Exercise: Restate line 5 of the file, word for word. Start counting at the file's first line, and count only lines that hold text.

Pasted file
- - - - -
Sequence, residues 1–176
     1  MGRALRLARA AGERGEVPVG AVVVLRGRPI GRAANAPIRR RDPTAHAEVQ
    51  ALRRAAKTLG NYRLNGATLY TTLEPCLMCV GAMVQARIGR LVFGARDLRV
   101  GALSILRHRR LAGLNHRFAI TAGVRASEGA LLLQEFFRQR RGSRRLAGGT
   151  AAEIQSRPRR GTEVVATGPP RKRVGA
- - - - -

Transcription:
   151  AAEIQSRPRR GTEVVATGPP RKRVGA